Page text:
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Augmenting Secondary Education with Advanced Microscopy

Craig Queenan,* Alyssa Calabro, and David Becker Nano-Structural Imaging Lab, Bergen County Academies, Hackensack, NJ 07601


Bergen County Academies In his 2011 State of the Union address, President Barack

Obama echoed the sentiments of this nation’s leaders for the past twenty years when he stated, “Nations like China and India realized . . . they could compete in this new world. So they started educating their children earlier and longer, with greater emphasis on math and science. Tey’re investing in research and new technologies. . . . Maintaining our leadership in research and technology is crucial to America’s success. But if we want to win the future—if we want innovation to produce jobs in America and not overseas—then we also have to win the race to educate our kids.” Te Bergen County Academies (BCA) in Hackensack, NJ, is attempting to do just that: invest in research and technology at the high school level in order to expose students to real world opportunities and applications they will experience in the future. BCA is a public magnet high school with an enrollment

of approximately 1,100 students, featuring career-focused academies operating as a cohesive unit to provide a dynamic, specialized, student-centered environment. Transitioning in 1992 from traditional vocational education, BCA began with the Academy for the Advancement of Science and Technology. Students of this academy received an education heavily focused on the sciences and research. Te success of the program led to six additional academies in the years that followed: Business and Finance, Culinary Arts and Hotel Administration, Engi- neering and Design Technology, Medical Science Technology, Telecommunications and Computer Science, and Visual and Performing Arts. Each of these academies provides students with a focused curriculum in its specialty area while also allowing students to explore and become involved in any and all programs offered at the school. Over the past decade, highly motivated, dedicated, and

visionary school administrators and faculty have believed in offering students a one-of-a-kind education expanding beyond the classroom and textbooks. Tis led to the development of the school’s research programs in the areas of biotechnology, chemistry, nanotechnology, and stem cell research. To this end, a number of powerful technologies were acquired, including a flow cytometer, capillary gel electrophoresis DNA sequencer, RT-PCR, HPLC, GC-MS, probe station, FT-IR spectrometer, and cell culture facilities. BCA is also home to an electron microscopy suite known as the Nano-Structural Imaging Lab (NSIL), equipped with an SEM, TEM, and Laser Scanning Confocal Microscope (LSCM).

48 Te mission of both the research programs and the

NSIL is to expose students to scientific inquiry, research, and instrumentation and to provide transferable, firsthand experiences with the techniques, practices, and perspectives of professional scientists. By expanding the capabilities and context of secondary science education, it is expected that students will be better equipped for, and more likely to pursue leadership positions in, science, scientific research, and global- scale problem solving.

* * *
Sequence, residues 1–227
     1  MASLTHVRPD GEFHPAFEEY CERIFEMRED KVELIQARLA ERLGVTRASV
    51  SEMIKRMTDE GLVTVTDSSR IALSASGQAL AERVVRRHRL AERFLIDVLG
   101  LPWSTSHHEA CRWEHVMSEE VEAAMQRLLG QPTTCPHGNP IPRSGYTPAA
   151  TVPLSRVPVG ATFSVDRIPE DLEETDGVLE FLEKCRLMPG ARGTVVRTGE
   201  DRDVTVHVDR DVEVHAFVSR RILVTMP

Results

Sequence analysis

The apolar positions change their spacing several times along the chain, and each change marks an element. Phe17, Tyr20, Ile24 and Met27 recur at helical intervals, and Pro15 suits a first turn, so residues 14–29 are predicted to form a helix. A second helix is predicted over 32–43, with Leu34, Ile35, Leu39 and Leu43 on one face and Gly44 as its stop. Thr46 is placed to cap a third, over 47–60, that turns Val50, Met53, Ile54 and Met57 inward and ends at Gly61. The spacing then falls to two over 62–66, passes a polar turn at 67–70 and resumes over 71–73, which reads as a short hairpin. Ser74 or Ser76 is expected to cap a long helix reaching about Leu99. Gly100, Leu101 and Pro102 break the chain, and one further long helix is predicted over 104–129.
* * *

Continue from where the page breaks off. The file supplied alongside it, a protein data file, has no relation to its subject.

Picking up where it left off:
Development of the NSIL Traditional

light and fluorescent microscopy are core

imaging technologies that were available to students from the inception of the research programs. When conceiving the NSIL, the district sought to expand imagining capabilities to the nano-scale. An advisory team was formed with researchers and facility managers from area research institutions and companies, including the City College of New York, Hunter College, and Polymath Interscience, LLC. A collaborative facility was envisioned that would afford science and engineering students the ability to synthesize, visualize, and characterize nano-scale structures, devices, and interactions. Te district sought and received funding from the Carl

D. Perkins Vocational and Technical Grant to support the initial facility development, including the acquisition of an FEI Quanta 200 3D dual-beam FIB/SEM with low-vacuum imaging capabilities, as well as the associated sample preparation equipment and supplies. Te system is supplemented with a peltier stage, an Oxford INCA EDX, and a platinum deposition system. Over the following year, the lab expanded its capabilities to include a TEM and an LSCM with support from the Bergen County Board of Chosen Freeholders. A JEOL 2100 with cryo capabilities and a Leica TCS SP5 (Figure 1) were added to the facility, along with systems for ultramicrotomy, carbon and metal evaporation, and cryo-plunge freezing. In addition to imaging, these light and electron micro-

scopes provide students the ability to create three-dimensional reconstructions. DualBeamTM Slice and View sections from the SEM and image stacks from the LSCM are reconstructed using Amira® soſtware. Tomograms can be created using the TEM, with eTomo used for initial reconstruction, and can be further animated using Amira®. Tese 3-D techniques help students better understand and analyze the structure and function of their samples, such as nanoparticles or signaling pathways within a tissue sample.

doi:10.1017/S155192951100037X • 2011 May

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